• After age 50, differences between sexes decrease

The reason males have a higher rate of appendicitis compared to females is not fully understood. Differences in diet, activity levels, or anatomical factors may play a role. The hormonal differences between males and females, especially at younger ages, may also contribute to the higher risk seen in males.

Appendicitis Incidence Rates by Sex

Age Group Males (per 100,000) Females (per 100,000)
Under 5 years 27.5 18.9
5-9 years 75.3 50.6
10-14 years 124.2 86.1
15-19 years 200.9 140.1
20-24 years 240.6 161.7
25-29 years 191.5 139.2
30-34 years 128.7 94.6

This table highlights the higher rates of appendicitis in males compared to females across childhood, adolescence, and young adulthood. The difference is smallest in early childhood and increases through the teen years, peaking in early adulthood.

How does the incidence of appendicitis vary by race and ethnicity?

Some research indicates appendicitis rates may vary between racial and ethnic groups. However, results have been mixed.

According to a 2016 study of U.S. hospitalization rates:

  • Non-Hispanic Black patients had the highest rate of appendicitis (11.3 per 10,000)
  • Non-Hispanic White patients had an intermediate rate (9.1 per 10,000)
  • Hispanic patients had the lowest rate (7.0 per 10,000)

However, other studies have found:

  • Appendicitis rates were similar between White, Black, and Hispanic patients
  • Pacific Islander and Asian patients had lower rates compared to Whites
  • Native American patients had higher rates than Whites

Overall, the research is mixed and more studies are needed looking at potential racial, ethnic, and cultural differences in appendicitis rates. Factors like diet, access to medical care, and anatomical differences may contribute to variances seen between groups. But currently, no consistent significant differences have been found across multiple studies.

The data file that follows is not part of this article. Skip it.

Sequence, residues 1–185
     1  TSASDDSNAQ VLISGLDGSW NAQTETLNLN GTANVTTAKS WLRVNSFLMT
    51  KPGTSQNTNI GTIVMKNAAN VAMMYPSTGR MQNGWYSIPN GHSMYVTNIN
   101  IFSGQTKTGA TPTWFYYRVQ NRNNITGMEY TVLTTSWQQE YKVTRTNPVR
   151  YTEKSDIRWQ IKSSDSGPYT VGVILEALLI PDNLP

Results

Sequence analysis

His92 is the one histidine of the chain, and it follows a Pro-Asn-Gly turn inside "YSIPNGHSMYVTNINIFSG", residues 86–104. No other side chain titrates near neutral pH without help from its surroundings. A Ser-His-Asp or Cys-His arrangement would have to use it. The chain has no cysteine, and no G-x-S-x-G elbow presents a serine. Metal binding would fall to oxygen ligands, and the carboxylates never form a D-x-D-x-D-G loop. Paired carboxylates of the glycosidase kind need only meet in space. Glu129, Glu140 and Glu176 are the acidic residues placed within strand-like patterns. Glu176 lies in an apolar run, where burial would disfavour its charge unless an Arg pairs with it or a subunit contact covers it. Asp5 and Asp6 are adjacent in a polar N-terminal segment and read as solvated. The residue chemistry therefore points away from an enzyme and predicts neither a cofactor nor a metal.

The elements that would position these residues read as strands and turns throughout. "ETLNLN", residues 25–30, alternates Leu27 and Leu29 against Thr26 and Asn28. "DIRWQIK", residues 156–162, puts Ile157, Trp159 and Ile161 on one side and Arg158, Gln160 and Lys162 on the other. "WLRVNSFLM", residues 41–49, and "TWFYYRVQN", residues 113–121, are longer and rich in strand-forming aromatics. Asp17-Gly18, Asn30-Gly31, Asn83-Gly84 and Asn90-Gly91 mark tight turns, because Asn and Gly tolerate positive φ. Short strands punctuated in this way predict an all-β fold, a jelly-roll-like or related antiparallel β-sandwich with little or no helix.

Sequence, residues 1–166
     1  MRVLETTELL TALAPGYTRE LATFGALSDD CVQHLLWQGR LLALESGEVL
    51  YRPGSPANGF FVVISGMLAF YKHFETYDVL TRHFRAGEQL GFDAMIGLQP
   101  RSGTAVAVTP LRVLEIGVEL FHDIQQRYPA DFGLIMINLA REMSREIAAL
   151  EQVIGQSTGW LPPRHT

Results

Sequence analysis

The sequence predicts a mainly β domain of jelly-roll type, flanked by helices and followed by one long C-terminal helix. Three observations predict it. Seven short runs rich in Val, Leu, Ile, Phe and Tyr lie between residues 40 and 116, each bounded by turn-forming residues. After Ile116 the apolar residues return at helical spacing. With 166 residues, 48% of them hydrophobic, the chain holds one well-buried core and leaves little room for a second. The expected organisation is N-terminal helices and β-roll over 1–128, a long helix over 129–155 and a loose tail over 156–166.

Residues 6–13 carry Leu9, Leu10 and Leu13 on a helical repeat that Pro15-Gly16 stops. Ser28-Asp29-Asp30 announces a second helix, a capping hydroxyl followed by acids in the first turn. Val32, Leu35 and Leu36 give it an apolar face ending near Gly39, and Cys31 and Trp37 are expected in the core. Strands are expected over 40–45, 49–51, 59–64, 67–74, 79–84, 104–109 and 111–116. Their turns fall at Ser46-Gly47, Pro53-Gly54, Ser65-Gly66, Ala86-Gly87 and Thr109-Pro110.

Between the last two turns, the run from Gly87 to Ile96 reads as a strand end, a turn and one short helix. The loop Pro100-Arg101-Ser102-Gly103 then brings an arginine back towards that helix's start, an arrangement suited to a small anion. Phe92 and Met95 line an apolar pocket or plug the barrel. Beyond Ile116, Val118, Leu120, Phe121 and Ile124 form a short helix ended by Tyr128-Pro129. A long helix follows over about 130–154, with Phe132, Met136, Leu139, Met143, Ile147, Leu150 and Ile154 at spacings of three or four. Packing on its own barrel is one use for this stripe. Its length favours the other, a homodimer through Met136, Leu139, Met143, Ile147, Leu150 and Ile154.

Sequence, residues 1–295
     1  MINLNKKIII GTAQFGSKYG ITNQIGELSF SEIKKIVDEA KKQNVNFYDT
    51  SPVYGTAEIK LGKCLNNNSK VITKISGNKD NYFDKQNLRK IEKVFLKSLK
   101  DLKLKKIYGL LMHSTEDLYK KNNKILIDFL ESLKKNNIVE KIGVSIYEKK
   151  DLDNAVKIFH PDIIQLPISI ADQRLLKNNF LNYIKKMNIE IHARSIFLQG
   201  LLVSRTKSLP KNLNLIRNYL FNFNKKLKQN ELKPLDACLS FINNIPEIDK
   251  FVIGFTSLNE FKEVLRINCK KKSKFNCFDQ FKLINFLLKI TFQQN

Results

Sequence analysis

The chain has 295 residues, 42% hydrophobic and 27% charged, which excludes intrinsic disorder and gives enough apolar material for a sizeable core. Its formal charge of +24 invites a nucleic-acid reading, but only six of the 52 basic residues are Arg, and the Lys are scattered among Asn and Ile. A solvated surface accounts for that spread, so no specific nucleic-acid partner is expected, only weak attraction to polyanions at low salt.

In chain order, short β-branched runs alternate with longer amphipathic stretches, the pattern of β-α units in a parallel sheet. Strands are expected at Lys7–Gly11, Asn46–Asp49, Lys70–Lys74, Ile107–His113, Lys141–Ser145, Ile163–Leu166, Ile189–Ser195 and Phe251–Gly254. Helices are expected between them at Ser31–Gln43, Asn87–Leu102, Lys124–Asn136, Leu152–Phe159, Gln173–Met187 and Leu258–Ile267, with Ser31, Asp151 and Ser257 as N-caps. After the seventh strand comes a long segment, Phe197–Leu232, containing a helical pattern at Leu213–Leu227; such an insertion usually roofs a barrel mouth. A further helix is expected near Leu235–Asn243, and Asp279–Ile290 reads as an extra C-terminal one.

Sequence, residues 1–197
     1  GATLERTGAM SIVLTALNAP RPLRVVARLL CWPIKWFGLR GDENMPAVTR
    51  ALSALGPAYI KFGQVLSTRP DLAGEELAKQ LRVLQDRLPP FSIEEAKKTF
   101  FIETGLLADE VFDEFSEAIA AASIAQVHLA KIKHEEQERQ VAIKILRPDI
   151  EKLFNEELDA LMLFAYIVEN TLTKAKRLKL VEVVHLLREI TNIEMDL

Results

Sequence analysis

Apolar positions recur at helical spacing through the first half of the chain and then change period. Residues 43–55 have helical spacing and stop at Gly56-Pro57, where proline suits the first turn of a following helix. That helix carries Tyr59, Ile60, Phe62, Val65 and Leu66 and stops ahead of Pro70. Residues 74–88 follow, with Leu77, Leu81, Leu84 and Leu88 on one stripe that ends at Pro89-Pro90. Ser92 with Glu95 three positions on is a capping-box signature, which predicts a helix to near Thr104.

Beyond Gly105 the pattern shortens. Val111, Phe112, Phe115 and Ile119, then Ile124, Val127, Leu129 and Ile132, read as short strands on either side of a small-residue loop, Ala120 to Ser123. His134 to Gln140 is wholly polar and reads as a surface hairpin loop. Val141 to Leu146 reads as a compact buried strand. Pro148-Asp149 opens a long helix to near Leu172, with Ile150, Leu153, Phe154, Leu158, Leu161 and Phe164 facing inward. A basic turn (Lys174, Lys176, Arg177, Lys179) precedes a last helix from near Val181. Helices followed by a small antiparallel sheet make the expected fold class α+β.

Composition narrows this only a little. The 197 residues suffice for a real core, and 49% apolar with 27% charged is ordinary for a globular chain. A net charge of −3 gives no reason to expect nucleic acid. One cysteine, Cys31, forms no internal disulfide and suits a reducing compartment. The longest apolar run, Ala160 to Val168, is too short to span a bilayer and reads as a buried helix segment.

How has the incidence of appendicitis changed over time?

The incidence of appendicitis increased steadily from the late 1800s through the mid-1900s. But since around the 1950s, the rate has been declining in the United States and other developed countries.

  • From the late 1880s to the mid-1900s, appendicitis rates rose over 200%
  • Experts are unsure why rates increased so sharply during this time period
  • After peaking in the 1940s-1950s, the incidence of appendicitis began to decline
  • From 1970 to 1984, rates decreased by around 37%
  • From 1980 to 1997, rates declined by 25%
  • Rates continued falling approximately 1-2% per year from the 1990s to 2010s

Some reasons for the declining rates over the past 50-60 years may include:

  • Improved sanitation and hygiene reducing infections that can lead to appendicitis
  • Changes in diet, such as increased fiber consumption
  • Less obstruction and blockages due to intestinal parasites
  • Possibly the use of antibiotics treating early appendicitis infections before progression

While appendicitis is becoming less common over time, it remains a fairly frequent condition, especially in adolescents and young adults. But due to declining rates, appendicitis is now less common in the 21st century compared to previous decades.


Appendicitis is most common between the ages of 10 and 30, with peak incidence rates occurring in the late teen years through the 20s. Incidence is lowest at the extremes of age, in early childhood and in seniors over 70 years old. Males have a slightly higher lifetime risk of appendicitis compared to females, especially during the teen and young adult years, although the exact reasons are unclear.

Some studies indicate potential differences in appendicitis rates between racial and ethnic groups, but results have been mixed. After rising over 200% from the late 1800s to mid-1900s, the incidence of appendicitis has declined steadily over the past 50-60 years, likely due to improved hygiene, diet, and other factors. But appendicitis remains fairly common in adolescents and young adults in the 21st century.